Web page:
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TimChapman(Z8 Louisiana)

If you are in zone 8 in portland, the hedychium should do fine outdoors. They aren't the best potted plants as they need lots of room to thrive. too often they'll get crowded out in 3 gallon pots and won't do much at all, at least not for long. They aren't too picky in general, you should good luck with them directly in the ground.

The alpinia purpurata (red and pink ginger) are very cold sensitive, low 40s will damage or kill them, they are a zone 10 plant. If you want these to do well, you definitely need to put them in a heated greenhouse. Anytime you cut the plants back to the ground, you are resetting their blooming cycle so you'll be waiting another year and a half or more to see blooms. If your greenhouse doesn't freeze at all, you might want to try Costus barbatus, as it somewhat resembles the red ginger and is much easier for people to grow.

not that it matters, but there really aren't any hawaiian gingers. The hedychium coronarium (though naturalized around the world) is from the himalayan mountains and the alpinia purpurata are from the soloman islands. Their true origin gives some insight as to why one is incredibly hardy vs the other that hates any cold weather.

Tim Chapman

    Bookmark   April 22, 2005 at 9:42PM
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bihai(zone 9)

If you can get your Alpinias to come back, you can successfully grow them in pots. I grew them that way for several years before planting them in the ground inside my greenhouse. They will bloom at a small size, once they get about 2 years old, and will grow larger and larger every season, eventually you will have to divide them or move up to a big 20-30 gallon tub. The ones in the ground are about 9-10 ft tall and the flowers are very large, you need to keep them humid and give them a lot of light indoors, and water judiciously.

    Bookmark   April 23, 2005 at 10:18AM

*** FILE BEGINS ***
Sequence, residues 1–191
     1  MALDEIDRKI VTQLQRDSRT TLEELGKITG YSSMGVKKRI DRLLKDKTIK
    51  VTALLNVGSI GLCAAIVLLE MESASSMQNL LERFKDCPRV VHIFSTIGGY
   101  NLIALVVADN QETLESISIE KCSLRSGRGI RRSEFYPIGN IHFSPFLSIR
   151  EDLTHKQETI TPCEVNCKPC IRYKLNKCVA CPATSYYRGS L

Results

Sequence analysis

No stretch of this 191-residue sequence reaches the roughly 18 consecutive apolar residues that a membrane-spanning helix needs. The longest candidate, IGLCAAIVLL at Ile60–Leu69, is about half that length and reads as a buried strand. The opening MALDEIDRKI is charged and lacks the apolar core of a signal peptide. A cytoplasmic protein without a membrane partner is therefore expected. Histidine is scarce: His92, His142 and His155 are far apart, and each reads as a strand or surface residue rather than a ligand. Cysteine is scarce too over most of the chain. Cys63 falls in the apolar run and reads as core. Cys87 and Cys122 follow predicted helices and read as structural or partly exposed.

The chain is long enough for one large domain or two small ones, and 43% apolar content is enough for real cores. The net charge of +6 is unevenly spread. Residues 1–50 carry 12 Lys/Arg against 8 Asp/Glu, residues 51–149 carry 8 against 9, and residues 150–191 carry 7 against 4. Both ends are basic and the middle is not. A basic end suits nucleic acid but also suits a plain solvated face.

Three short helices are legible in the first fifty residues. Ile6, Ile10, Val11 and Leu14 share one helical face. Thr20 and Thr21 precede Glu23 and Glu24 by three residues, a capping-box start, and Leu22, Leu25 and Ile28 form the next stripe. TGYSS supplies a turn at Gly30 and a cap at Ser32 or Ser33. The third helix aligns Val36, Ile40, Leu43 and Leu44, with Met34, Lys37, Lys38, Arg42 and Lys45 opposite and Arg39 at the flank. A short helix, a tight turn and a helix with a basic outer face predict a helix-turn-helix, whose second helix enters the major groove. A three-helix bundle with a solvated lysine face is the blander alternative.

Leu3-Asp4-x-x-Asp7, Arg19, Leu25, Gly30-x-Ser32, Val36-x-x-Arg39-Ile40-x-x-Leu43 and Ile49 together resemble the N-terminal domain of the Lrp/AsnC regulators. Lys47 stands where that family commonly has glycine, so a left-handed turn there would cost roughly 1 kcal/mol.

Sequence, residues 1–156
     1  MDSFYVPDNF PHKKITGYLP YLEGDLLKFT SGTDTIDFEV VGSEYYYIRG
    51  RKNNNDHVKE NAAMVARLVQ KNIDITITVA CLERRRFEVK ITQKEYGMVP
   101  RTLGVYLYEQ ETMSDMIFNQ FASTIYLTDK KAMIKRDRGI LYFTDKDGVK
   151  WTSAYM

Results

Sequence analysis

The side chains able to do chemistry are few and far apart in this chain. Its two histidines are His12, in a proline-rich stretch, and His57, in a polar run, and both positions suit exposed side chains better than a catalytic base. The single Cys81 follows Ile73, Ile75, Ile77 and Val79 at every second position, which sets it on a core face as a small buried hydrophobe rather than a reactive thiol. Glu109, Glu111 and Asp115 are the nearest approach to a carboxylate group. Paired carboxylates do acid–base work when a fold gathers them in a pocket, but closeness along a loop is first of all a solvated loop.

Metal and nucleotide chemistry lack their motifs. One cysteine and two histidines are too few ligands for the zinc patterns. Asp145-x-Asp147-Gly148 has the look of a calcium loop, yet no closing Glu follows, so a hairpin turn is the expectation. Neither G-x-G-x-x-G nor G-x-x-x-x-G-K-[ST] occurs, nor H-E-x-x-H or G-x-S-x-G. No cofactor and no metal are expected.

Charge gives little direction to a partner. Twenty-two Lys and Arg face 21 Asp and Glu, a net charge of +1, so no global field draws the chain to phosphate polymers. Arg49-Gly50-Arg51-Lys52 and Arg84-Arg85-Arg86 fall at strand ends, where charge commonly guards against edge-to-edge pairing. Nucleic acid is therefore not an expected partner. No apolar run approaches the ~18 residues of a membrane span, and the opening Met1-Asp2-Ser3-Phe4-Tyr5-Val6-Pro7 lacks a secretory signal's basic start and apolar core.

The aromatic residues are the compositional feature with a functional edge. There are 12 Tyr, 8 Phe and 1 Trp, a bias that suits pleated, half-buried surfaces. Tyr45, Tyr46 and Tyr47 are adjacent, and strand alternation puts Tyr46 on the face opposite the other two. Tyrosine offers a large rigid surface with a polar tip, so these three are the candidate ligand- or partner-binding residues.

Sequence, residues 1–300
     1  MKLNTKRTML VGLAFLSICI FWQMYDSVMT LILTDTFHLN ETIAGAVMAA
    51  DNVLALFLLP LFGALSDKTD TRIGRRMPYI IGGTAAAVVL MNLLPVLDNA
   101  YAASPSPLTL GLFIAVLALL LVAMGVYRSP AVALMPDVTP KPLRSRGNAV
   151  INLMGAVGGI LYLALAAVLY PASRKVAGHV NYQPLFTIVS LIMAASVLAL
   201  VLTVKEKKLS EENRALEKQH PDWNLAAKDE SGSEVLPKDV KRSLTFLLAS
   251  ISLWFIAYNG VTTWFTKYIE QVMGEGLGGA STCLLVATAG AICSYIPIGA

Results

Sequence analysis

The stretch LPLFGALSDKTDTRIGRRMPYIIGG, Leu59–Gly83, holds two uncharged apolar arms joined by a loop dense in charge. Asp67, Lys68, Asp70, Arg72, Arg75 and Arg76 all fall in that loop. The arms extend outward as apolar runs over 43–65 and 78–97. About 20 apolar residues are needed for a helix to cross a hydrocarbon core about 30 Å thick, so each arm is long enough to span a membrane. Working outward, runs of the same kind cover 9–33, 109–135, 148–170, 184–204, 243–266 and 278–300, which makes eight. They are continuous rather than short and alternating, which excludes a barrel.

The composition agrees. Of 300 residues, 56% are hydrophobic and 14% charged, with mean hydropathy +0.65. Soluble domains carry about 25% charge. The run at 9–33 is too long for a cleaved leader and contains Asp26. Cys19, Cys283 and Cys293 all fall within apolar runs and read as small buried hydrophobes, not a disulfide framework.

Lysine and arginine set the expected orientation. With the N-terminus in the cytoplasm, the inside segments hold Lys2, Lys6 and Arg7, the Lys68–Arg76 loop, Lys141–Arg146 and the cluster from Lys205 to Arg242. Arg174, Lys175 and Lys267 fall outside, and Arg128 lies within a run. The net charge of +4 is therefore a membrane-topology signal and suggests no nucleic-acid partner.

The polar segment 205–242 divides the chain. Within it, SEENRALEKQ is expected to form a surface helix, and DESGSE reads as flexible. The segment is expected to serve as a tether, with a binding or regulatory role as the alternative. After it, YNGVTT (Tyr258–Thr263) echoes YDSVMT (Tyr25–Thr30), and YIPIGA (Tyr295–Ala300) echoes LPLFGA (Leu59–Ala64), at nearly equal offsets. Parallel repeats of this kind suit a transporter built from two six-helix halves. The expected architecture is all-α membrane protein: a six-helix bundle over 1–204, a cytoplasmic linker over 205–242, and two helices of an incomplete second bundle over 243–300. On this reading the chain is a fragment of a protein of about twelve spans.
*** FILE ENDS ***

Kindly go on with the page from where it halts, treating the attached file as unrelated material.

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Thank you Tim for your informative post. I guess all I can do now is to hope the red and pink will come back. It was stupid of me to cut them before getting thorough information.
I read here, that when planting the white part of the plant is to go under ground, while the green stays above the soil. Since I did not know that either, should I unmold the pot and check if I have not transplanted them too far under the soil - or leave them best alone? I transplanted right after I brought the plants home in Dec.

    Bookmark   April 23, 2005 at 8:16PM
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Thank you Bihai. I planted them in the soil in my greenhouse. Given they multiply so rapidly, I should have a little jungle in there soon. I think to be safe, I best start a container again with some of the rhizomes.

    Bookmark   April 23, 2005 at 8:20PM
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LunaNegra(9a malabar Fl)

I would like to grow ginger ( eatable kind) the kind used in Japanese cousine . I live in Florida and would like to know what do I need to do to the soil ( most my soil is sandy and where to find the right ginger to grow here in Florida.
Thanks for any help

    Bookmark   March 30, 2012 at 11:48AM
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steiconi(12a-Big Island, HI)

Just so you know, most cymbidiums aren't tropical, so they don't make a good gauge of tropical growing conditions.

    Bookmark   June 26, 2012 at 5:24AM
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Is it okay to put them in a smaller pot to get established?

    Bookmark   August 16, 2013 at 6:13PM